It's been two weeks since Alex Galchenyuk fired his former representation, Ian Pulver and Igor Larionov of the Will Sports Group. He replaced them with the super agent known as Pat Brisson, from Creative Artists Agency.
Now that Brisson and Galchenyuk have had a few meetings, we can assume that the negotiation process with the Canadiens is back on track.
Pierre LeBrun has confirmed that the team is pushing for a bridge contract.
Hearing Montreal is making headway on a bridge deal for RFA Alex Galchenyuk, talks still in progress— Pierre LeBrun (@Real_ESPNLeBrun) July 1, 2015
There are two recent bridge deals that can give us a good idea of how much Galchenyuk will fetch; Mika Zibanejad and Evgeny Kuznetsov. They both signed two-year deals, with an average annual value of $2.65M and $3M, respectively.
On the surface, Galchenyuk's point production is very similar to the two, therefore he should command a similar contract. However once we dig a little deeper, it starts to become clear that Galchenyuk has been slightly more productive over the last few years. He's also the youngest of the group.
Here's how they performed last season
Both Zibanejad and Galchenyuk produced identical all-situation scoring last season, with 20 goals and 26 assists in 80 games. Kuznetsov only managed 37 points, including 11 goals.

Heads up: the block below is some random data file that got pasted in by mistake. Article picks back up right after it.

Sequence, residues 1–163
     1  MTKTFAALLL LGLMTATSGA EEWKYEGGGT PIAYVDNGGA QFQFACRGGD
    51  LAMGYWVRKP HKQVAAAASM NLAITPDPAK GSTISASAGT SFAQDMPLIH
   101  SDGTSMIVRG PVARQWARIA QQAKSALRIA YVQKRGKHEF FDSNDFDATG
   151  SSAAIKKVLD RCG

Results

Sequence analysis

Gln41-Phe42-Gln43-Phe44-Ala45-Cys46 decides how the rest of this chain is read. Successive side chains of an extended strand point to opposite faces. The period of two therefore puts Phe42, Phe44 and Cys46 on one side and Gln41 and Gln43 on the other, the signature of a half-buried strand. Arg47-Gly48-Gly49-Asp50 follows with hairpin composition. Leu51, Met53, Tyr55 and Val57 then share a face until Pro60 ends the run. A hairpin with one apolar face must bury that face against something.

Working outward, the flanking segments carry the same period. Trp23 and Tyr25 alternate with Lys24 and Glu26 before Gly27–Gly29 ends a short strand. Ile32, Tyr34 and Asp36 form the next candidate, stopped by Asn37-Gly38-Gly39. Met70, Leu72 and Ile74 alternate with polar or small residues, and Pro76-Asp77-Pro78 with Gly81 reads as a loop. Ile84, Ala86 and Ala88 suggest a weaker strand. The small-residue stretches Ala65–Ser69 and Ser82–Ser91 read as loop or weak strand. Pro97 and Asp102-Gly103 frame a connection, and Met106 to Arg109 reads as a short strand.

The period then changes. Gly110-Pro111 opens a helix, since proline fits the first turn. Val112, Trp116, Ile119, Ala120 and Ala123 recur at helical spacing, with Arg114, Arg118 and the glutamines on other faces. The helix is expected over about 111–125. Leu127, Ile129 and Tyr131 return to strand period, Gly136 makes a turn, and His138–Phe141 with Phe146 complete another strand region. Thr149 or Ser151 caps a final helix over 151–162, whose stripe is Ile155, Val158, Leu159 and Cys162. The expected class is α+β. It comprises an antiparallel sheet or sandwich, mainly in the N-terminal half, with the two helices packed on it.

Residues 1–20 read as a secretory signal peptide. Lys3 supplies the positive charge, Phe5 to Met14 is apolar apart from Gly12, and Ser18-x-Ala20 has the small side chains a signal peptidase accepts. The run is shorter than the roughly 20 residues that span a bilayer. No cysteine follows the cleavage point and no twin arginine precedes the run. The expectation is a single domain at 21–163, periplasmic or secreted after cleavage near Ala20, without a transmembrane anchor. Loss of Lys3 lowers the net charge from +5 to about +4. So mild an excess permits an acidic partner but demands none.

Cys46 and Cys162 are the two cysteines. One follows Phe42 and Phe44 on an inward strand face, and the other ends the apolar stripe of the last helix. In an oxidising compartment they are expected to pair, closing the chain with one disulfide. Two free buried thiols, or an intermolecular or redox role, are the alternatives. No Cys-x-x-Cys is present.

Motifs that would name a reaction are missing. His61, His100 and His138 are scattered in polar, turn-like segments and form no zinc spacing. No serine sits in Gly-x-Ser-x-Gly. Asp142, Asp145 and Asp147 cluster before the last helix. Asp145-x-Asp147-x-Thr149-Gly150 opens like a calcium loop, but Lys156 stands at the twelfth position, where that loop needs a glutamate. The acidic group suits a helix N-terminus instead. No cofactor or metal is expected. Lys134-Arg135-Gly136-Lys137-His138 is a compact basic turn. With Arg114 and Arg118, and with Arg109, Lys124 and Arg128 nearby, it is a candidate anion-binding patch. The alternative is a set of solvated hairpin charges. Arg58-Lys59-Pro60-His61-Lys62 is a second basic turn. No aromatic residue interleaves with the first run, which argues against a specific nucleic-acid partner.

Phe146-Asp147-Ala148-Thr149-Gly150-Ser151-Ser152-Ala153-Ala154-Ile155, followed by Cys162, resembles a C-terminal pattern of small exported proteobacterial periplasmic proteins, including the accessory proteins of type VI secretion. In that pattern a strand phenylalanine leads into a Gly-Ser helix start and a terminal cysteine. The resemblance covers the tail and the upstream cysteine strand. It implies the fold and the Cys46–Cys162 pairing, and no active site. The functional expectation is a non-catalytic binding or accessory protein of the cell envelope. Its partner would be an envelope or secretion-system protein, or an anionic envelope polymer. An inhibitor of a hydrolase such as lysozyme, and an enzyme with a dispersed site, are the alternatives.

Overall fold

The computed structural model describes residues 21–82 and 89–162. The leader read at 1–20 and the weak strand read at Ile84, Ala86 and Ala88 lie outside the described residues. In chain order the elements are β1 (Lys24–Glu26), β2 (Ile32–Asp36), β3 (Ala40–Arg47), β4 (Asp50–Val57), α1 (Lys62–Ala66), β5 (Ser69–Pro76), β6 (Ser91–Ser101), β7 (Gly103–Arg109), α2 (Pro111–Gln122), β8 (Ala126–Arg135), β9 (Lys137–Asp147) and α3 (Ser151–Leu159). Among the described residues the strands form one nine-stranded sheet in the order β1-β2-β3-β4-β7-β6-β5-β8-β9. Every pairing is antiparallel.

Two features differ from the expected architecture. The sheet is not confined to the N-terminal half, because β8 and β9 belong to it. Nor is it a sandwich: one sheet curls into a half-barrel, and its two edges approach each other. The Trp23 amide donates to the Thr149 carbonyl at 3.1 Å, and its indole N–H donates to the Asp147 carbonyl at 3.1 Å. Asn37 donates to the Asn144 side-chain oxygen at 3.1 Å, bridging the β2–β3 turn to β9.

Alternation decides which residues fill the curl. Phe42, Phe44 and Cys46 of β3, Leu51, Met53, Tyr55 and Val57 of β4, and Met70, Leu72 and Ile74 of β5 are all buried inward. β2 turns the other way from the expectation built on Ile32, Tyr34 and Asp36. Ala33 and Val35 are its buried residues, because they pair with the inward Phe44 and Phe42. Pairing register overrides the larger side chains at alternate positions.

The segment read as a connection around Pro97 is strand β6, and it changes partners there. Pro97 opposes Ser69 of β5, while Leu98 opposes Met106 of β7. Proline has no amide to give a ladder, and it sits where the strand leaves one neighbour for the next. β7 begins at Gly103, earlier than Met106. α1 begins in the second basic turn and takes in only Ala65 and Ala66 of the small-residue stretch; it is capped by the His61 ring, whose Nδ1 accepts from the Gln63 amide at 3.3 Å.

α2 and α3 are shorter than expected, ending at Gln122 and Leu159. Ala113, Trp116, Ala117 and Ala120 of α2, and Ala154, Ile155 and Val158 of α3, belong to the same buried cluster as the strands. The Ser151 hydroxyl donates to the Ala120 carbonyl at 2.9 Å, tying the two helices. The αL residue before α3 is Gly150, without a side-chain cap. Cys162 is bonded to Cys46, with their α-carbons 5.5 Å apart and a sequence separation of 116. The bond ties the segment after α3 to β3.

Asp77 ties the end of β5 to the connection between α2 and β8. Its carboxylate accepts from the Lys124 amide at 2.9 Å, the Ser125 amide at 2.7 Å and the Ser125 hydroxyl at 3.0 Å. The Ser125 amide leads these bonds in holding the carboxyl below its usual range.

Once we apply an even-strength filter, the value of their 5 vs 5 production becomes a little clearer.
(G/60 = goals per 60 minutes, A/60 = assists per 60, CF% = Corsi For %, TOI = Average time on ice per game, ISC = individual scoring chances, ZSO%= offensive vs defensive zone starts relative to the team. All stats are sourced from war-on-ice.com)
Galchenyuk is better offensively, however he did enjoy more favourable zone starts, as well as extra ice time.
When it comes to defense, Zibanejad is the player who shows the most awareness, allowing fewer scoring chances against when he's on the ice than his competition. The Senators deserve some credit for signing Zibanejad to such a reasonable deal.
What should we expect from Galchenyuk's upcoming bridge deal? He's the best player of the three from an offense standpoint, which is something general managers tend to focus on. He also just turned 21, and is an important offensive cog in what is generally an anemic Montreal Canadiens' scoring brigade. Don't be surprised if he ends up as the best paid player of the three aforementioned forwards, with the AVV possibly rising all the way to $3.5M per year.